I recently read a Twitter thread by Free Northerner that started in reply to this tweet:
Here is the text of what Free Northerner wrote:
With a lot going on the past two months, I neglected to post at the end of September. I’m going to gloss over less interesting purchases (do you really want to know each time I buy more chicken feed?) in the interest of actually getting this done. My first project for September was cleaning out … Read more…
Yesterday morning, while browsing the free listings on craigslist, I saw an ad for free woodchips. I opened it and saw it was an ad for a website called ChipDrop where you can sign up to receive free woodchips from local tree service companies. As I read more about it, I saw that you can list any and all species you will not accept, choose whether or not you will accept logs in addition to chips, and that you are guaranteed to receive only one delivery per request (rather than coming home to discover 8 deliveries in your absence), and that the woodchips are guaranteed to be no more than 2 days old.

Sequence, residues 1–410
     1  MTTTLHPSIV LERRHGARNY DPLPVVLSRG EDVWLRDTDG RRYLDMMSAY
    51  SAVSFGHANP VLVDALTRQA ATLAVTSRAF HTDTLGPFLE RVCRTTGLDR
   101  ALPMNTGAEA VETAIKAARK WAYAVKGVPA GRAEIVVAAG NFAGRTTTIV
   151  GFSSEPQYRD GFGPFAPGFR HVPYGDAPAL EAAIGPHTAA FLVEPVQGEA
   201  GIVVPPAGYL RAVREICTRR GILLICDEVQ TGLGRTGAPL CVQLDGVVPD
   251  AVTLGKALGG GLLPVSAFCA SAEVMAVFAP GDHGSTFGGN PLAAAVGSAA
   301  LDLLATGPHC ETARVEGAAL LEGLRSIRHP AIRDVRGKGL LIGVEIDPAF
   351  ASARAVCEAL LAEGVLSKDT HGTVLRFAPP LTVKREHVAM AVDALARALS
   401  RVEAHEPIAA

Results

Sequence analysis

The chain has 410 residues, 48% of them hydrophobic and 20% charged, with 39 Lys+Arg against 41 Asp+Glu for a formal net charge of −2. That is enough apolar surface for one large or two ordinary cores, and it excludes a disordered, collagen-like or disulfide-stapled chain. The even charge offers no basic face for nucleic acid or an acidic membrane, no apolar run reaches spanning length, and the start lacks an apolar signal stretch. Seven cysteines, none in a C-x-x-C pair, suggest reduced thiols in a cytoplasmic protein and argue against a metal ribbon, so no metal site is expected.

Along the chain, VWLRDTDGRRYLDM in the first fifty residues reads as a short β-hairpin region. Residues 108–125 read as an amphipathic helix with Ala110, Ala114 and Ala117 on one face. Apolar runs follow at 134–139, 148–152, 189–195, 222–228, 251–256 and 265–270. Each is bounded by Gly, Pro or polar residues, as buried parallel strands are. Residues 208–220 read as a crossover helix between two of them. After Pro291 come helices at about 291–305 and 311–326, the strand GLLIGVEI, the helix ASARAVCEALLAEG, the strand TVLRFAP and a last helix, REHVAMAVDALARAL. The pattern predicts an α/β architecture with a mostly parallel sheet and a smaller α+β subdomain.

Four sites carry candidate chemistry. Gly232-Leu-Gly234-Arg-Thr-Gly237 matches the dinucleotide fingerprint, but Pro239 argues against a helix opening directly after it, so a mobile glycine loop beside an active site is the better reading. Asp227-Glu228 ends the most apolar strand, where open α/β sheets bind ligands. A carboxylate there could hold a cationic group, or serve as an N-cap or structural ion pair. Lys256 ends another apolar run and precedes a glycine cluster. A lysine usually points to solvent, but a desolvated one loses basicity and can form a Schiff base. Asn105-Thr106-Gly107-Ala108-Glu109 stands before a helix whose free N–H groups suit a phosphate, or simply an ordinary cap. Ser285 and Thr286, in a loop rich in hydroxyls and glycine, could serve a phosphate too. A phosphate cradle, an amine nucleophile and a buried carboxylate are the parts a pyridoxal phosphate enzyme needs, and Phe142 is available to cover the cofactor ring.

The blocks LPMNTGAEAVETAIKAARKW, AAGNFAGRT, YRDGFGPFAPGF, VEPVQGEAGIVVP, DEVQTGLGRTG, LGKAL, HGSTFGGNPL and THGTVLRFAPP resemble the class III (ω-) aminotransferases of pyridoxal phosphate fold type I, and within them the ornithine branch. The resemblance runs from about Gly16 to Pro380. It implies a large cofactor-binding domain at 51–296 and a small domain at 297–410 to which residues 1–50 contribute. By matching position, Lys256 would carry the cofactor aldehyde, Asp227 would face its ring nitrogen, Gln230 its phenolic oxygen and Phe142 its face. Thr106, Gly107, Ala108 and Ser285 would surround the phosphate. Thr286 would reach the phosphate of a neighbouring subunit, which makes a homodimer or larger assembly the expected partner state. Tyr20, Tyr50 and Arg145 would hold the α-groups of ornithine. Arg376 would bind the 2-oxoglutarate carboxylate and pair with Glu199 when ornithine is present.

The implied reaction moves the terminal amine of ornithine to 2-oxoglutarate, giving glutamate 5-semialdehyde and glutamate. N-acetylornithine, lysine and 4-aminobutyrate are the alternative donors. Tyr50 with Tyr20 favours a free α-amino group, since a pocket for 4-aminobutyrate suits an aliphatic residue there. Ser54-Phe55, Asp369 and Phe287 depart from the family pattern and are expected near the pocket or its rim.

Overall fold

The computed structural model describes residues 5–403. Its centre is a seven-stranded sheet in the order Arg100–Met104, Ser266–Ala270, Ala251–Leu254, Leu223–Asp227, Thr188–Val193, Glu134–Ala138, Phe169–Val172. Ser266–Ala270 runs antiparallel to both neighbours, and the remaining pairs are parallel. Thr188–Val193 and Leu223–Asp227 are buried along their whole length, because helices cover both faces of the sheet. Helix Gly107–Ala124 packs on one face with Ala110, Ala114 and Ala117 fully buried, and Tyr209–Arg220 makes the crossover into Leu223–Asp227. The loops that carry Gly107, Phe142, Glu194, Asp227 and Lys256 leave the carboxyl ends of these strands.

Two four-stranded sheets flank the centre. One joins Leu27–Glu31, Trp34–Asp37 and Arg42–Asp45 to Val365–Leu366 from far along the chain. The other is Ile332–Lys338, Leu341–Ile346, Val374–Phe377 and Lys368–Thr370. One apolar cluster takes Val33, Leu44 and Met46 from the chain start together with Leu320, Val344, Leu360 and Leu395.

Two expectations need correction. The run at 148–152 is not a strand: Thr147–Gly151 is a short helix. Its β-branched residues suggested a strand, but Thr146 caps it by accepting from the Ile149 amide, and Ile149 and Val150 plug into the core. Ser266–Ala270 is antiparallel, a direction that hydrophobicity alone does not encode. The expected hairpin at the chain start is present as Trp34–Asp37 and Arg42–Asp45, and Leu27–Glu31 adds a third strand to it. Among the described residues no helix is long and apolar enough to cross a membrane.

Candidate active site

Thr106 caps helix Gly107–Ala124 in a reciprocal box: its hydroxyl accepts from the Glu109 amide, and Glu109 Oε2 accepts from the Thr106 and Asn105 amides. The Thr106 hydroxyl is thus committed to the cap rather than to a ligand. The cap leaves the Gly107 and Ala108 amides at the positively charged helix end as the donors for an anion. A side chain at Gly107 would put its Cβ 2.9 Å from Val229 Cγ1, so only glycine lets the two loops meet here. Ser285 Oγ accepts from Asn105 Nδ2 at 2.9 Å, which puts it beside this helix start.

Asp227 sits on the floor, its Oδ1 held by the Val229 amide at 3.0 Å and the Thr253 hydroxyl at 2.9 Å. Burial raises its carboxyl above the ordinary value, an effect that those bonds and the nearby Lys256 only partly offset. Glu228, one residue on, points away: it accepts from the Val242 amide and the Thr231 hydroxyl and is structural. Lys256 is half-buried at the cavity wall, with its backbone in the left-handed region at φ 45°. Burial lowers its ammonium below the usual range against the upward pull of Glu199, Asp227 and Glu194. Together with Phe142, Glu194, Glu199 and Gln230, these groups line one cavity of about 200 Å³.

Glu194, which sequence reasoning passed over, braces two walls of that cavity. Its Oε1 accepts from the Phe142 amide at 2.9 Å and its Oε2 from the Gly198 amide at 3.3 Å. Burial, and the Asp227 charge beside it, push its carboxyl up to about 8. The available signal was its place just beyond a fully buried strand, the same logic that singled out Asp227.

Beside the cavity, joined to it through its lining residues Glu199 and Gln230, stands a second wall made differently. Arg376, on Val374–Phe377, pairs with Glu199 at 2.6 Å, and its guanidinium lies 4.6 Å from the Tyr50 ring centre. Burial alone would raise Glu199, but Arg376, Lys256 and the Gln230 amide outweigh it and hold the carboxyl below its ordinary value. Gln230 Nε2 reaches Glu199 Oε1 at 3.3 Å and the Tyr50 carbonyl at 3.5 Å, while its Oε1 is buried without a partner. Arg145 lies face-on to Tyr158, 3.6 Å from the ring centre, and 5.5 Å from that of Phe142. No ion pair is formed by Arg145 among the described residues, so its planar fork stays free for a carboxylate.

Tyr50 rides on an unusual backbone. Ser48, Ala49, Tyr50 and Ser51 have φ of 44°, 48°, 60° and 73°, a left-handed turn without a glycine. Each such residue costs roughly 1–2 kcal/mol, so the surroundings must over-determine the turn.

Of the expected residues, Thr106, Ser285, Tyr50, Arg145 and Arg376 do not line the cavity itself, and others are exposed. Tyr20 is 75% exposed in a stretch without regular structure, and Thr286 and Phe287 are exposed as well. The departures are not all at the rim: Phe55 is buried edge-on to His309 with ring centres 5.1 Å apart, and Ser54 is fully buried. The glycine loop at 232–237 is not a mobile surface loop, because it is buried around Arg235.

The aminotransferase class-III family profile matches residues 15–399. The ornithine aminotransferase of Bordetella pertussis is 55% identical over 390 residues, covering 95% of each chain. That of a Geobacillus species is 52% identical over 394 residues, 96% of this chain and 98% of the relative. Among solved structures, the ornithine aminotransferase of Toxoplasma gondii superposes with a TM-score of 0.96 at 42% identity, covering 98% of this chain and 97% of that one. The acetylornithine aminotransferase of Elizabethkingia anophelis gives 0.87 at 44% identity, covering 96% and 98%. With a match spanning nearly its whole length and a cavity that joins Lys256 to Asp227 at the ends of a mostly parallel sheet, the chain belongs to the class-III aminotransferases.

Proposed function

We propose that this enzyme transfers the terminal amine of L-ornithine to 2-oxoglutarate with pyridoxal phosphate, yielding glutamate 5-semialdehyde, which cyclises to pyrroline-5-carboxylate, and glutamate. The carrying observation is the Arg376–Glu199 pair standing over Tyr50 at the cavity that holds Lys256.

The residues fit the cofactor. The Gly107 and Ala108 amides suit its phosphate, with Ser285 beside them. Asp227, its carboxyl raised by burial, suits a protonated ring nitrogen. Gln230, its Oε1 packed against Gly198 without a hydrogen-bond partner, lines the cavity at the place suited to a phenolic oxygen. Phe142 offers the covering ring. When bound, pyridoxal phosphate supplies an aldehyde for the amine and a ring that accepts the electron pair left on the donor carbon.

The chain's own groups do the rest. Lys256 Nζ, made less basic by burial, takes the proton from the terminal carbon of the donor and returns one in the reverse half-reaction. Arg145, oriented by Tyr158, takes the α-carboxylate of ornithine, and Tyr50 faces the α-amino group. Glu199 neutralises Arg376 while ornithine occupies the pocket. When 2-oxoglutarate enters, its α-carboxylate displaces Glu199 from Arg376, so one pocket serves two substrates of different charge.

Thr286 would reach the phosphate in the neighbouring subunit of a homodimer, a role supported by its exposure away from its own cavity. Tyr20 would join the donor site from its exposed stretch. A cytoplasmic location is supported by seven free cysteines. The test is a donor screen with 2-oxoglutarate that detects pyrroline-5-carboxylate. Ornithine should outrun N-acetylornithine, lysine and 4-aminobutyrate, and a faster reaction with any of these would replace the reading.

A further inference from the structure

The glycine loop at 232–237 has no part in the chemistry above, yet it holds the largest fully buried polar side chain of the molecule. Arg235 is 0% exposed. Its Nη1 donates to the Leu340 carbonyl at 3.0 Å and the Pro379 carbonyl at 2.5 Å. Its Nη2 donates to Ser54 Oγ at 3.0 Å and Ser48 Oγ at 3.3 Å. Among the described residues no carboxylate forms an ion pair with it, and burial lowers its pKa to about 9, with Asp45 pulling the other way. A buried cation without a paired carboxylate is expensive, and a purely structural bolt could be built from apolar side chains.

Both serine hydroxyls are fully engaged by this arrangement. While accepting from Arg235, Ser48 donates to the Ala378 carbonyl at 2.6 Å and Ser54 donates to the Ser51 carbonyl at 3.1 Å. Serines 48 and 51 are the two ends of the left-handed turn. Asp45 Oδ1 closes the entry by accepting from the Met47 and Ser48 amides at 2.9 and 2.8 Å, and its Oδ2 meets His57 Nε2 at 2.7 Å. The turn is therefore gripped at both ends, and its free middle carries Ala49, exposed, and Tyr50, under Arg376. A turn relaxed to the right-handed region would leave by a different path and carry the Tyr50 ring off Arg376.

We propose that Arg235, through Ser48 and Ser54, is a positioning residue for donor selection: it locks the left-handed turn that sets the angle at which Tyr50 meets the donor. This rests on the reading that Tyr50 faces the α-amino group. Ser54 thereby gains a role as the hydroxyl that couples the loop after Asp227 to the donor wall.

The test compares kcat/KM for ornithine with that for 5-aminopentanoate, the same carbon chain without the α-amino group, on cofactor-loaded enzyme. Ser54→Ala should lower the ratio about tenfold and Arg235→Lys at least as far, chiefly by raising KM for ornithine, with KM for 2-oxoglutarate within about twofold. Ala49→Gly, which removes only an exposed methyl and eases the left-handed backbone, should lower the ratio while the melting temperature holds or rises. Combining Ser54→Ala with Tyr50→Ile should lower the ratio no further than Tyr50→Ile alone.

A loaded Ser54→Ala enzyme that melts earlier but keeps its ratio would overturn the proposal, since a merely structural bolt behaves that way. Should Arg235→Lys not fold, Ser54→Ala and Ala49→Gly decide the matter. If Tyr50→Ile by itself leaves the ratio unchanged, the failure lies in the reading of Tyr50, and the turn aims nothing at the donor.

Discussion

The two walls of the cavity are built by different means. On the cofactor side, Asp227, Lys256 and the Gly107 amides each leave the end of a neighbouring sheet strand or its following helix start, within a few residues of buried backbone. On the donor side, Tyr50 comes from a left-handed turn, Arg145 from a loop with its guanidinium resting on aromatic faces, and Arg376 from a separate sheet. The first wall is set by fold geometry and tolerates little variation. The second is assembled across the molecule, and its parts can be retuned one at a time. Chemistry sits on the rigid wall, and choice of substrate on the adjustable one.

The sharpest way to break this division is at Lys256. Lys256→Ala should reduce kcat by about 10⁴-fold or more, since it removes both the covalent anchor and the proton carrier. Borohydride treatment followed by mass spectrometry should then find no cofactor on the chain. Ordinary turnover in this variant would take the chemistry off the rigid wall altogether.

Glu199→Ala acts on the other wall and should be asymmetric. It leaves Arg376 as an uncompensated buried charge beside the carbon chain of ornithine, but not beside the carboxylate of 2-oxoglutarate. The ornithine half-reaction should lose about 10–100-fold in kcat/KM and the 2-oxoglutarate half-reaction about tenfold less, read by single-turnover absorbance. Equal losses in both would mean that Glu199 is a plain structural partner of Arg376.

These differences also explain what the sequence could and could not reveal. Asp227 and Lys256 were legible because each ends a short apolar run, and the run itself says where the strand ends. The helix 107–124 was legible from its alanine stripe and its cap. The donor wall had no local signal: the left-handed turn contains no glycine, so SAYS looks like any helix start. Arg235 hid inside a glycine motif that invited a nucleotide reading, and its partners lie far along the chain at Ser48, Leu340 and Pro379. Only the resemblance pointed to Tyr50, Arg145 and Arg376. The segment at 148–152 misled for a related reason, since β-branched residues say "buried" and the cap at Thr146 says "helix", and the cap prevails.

The simplest project I completed this month was to mount my .22 caliber pellet rifle above the door from the kitchen to the back porch. This was in order to make it handy for shooting rabbits that have been decimating my tomato plants. I went to Ace Hardware and bought 2 brass coat/hat hooks for a total of $10, and mounted them above the door. This has made it much easier to grab the pellet rifle when there is a rabbit in the garden.
Another project had to do with the chickens. We were steadily losing chickens–always during the day–with no sign of what was taking them. I bought some light plastic netting at True Value for a total of $55 and covered the entire pen. A few days later, I saw a black cat outside the pen, apparently foiled by the netting. I shot it with the pellet gun, and we haven’t lost a chicken since.
When I originally fenced the chicken pen, I used free welded wire fencing given to me by a friend that had moved. But at the chickens have grown, the space became insufficient, and too-heavy traffic meant that the grass was being destroyed. So when